“When the government requires a thing to vote and that thing costs money, that is a poll tax,” Young told Judge Totenberg, adding that millionaires with access to a million stamps have the same standing as homeless Georgians who may have none.
“We can win on poll tax alone,” he said.
Belinfante argued there is no evidence that the lack of prepaid envelopes in Georgia is born out of a desire to disenfranchise any group of voters. Totenberg interjected, noting the 24th Amendment does not require proof of intentional, discriminatory animus, according to extensive case law.
The ACLU also brought the case on separate grounds, claiming the current means of mail-in voting adds layers of confusion and barriers, especially for those in rural Georgia who may not have transportation to the post office to buy stamps or internet access to do so online.
The civil rights group also argues no one should risk their lives to go buy stamps from the post office during the pandemic.
Cliff Albright, co-founder and executive director of Black Voters Matter Fund, testified Friday as a witness for the ACLU.
He said a redesign with prepaid postage would address the access problems.
Albright said members of his organization, which focuses on mobilizing marginalized voters, are afraid to tell people to ignore the postage direction on the envelopes because it would cause a perceived lack of credibility on the part of the nonprofit. The official envelope distributed by Raffensperger’s office to nearly 6.8 million registered voters has a space for stamps to be included.
“Because the Covid-19 pandemic has made it unrealistic for most, if not all, voters to cast ballots in-person, the state is essentially forcing voters to pay in order to participate in our democracy,” the ACLU said on its website.
The state began mailing out the ballots for the June 9 primary election on Tuesday. That means it would be “kind of remarkable,” Totenberg said, if any ballots have already been returned and recorded by the secretary of state’s office, leaving room for changes to be made if the judge rules in the plaintiffs’ favor.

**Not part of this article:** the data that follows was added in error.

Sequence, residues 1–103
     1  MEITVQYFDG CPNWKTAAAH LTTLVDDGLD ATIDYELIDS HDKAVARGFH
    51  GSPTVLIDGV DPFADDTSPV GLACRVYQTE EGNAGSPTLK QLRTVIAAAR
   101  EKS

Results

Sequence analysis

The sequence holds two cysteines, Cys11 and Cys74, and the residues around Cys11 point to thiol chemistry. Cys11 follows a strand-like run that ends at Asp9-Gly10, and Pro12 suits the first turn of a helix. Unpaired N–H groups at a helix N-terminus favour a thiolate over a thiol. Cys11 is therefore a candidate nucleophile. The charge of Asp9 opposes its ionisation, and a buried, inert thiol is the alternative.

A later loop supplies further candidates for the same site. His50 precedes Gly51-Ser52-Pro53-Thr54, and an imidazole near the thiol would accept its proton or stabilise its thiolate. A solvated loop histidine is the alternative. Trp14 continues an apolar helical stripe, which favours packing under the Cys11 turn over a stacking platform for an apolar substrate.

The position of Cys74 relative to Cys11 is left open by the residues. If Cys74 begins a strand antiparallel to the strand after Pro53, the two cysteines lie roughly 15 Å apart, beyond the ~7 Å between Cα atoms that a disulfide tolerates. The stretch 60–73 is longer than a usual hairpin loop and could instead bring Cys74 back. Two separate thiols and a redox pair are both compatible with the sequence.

According to an Associated Press report, U.S. Postal Service spokeswoman Martha Johnson said the agency has a policy of delivering completed absentee ballots back to elections officials even if they lack proper postage.
Still, the envelopes used by the state prompt voters to add a stamp. If a voter does not include postage, the respective county elections board could be billed.
The question in this case, both sides agreed Friday, is who should pay for the postage.
If the envelopes are marked with the secretary of state’s office as the return address, the state would be covering the costs and not the electorate.
No decision was made at Friday’s hearing. The uncertainty surrounding when the coronavirus crisis will ease up made it difficult for the judge to establish whether the ACLU’s requested injunction would apply only to the June 9 election or all elections this year, including the presidential election in November.
“I know now a little more about the post office than I would like to know,” Totenberg joked at the end of the hearing.